Taylor didn't say it exactly, but what I took from that "I never meant any harm by it" comment was that though his status updates made him look like a Lil Wayne protege, he was acting tough more than being tough, just caught up in the moment. He fell into the trap of pretending to be somebody straight out of a rap video. And it would've been fine if he was A) T.I., or B) a typical college student. But he's not; he's a starting guard for the top-ranked Kansas Jayhawks, and when you're that then your Facebook posts have the ability to turn into frontpage stories.
If nothing else, Taylor has learned that.
Sure, he learned it the hard way.
But unless I'm really gullible, I'm pretty sure he's learned it nonetheless.
"It's comes with the territory of being an athlete at this level, and I didn't realize it before," Taylor said. "I was doing my Facebook thing, but I never meant any harm. And now I know I can't do stuff like that because people are watching me and watching what I do, and I'm not going to let something like that ever happen again."
Posted on: October 16, 2009 7:56 am
Edited on: October 16, 2009 7:58 am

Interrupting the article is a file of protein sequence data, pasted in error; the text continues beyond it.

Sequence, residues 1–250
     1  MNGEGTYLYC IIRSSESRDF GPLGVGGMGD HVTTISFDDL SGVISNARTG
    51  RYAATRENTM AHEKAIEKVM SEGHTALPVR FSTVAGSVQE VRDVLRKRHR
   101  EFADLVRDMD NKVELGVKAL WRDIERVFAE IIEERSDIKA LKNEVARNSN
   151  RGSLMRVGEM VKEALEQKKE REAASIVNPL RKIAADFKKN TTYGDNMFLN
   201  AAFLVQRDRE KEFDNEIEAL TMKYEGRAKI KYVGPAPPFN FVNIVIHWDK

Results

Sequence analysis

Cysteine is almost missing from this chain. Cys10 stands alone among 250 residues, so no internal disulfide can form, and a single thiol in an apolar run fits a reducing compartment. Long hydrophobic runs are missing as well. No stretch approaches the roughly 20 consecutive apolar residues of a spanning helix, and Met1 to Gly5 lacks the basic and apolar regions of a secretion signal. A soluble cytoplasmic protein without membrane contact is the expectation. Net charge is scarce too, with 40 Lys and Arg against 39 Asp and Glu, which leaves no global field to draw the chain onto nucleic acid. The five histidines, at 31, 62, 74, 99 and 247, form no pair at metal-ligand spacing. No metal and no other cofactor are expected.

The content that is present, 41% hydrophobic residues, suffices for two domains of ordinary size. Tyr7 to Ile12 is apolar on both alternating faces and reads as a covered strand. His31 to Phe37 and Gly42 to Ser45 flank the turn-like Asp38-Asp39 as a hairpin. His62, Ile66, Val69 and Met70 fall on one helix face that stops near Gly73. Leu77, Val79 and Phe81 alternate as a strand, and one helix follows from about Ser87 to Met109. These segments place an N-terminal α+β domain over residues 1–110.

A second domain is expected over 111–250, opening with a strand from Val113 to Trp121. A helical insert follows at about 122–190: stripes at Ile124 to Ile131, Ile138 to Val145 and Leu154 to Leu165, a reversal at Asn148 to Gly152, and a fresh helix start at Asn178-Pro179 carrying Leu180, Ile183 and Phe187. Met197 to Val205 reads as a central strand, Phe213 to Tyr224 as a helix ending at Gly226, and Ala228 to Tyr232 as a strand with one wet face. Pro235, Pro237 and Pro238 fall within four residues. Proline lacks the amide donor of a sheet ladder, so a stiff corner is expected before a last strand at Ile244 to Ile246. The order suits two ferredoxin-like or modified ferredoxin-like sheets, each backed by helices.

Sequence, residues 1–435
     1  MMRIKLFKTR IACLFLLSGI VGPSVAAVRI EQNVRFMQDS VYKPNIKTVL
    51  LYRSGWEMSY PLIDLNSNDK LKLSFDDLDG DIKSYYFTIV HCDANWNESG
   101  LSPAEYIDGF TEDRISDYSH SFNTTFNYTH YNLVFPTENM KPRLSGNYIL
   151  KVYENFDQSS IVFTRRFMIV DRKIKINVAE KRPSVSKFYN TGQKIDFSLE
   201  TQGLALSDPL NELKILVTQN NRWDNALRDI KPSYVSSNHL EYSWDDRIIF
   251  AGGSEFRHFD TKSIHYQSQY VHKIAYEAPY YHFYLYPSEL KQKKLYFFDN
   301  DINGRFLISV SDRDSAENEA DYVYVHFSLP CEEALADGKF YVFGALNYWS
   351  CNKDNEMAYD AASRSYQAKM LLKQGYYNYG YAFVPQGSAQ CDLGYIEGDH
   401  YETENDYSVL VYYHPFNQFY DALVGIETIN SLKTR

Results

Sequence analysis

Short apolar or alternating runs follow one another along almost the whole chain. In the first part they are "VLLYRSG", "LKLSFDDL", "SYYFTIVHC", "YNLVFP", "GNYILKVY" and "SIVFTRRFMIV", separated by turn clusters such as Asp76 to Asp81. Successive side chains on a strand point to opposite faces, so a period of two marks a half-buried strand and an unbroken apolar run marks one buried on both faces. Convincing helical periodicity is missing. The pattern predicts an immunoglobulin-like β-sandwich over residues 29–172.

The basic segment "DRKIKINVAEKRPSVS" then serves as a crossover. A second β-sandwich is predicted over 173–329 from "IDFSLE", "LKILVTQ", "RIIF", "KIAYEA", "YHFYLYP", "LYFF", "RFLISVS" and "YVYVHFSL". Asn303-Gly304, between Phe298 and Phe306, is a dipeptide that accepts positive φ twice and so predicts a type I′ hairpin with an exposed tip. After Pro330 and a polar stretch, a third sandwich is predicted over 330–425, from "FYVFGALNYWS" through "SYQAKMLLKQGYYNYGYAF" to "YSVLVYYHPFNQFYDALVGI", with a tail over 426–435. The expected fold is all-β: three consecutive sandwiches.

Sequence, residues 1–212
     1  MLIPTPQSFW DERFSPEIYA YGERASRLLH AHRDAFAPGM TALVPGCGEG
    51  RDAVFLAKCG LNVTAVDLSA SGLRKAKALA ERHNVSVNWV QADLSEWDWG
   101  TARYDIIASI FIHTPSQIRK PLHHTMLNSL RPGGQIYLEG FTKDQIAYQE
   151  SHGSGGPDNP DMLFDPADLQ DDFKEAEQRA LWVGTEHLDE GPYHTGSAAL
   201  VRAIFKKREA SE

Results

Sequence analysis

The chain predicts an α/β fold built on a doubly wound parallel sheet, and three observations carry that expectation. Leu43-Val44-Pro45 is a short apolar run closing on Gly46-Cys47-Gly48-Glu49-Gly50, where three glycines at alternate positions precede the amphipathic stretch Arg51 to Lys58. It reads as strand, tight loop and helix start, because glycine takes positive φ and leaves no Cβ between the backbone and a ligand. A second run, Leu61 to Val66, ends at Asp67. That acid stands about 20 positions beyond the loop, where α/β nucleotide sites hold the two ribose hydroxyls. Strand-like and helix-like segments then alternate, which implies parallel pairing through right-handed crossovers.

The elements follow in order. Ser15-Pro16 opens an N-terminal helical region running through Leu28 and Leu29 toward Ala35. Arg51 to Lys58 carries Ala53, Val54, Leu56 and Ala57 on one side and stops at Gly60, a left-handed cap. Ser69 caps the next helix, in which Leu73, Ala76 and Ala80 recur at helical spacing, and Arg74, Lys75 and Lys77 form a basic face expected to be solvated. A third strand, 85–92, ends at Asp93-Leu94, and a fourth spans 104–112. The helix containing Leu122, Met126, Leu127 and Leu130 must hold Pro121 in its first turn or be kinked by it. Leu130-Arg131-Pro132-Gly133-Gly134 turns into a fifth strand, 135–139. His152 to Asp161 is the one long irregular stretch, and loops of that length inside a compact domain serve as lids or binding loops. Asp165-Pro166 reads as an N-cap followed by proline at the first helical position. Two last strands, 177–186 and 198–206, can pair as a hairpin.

I'm about to catch a flight to Kansas for the opening of practice.
The plan is to see the team this afternoon, then attend Late Night in the Phog .
With any luck, I'll return with the answer to the offseason's biggest question: What does Point Plankn mean?
I promise you, I'm going to use my investigative skills on this one.
I'm on a mission this weekend.
Posted on: October 14, 2009 3:06 pm
Kansas was the unanimous pick to win the Big 12 in a vote of the league's head coaches, the conference announced Wednesday. Because coaches cannot vote for their own teams, KU could only get 11 of the 12 first-place votes. The other went to Texas. Which means KU coach Bill Self is responsible for UT's first-place vote.
The entire poll is as follows:
Posted on: October 8, 2009 4:47 pm
Edited on: October 9, 2009 2:16 pm
The Big 12 released its official preseason honors Thursday, and the first thing I noticed was that Texas' Avery Bradley won Freshman of the Year instead of Kansas' Xavier Henry. Truth be told, that's how I'd vote, too (as my All-America teams show). But I wasn't sure if the league's coaches would see things similarly. So I found that interesting.
Anyway, that's the first thing I noticed.
But the next thing I noticed was insane: Cole Aldrich and Willie Warren were not consensus All-Big 12.
Is it as silly as the Tim Tebow snub by Steve Spurrier?
But I'd love to hear somebody explain how Aldrich and Warren -- both of whom are CBSSports.com First Team All-Americans -- don't belong on the All-Big 12 team, because there is at least one coach who voted that way. Meantime, Sherron Collins and Craig Brackins were unanimous selections, and I'm OK with that. But not voting for Aldrich and Warren is inexplicable, I think.
Here's how the All-Big 12 team should look: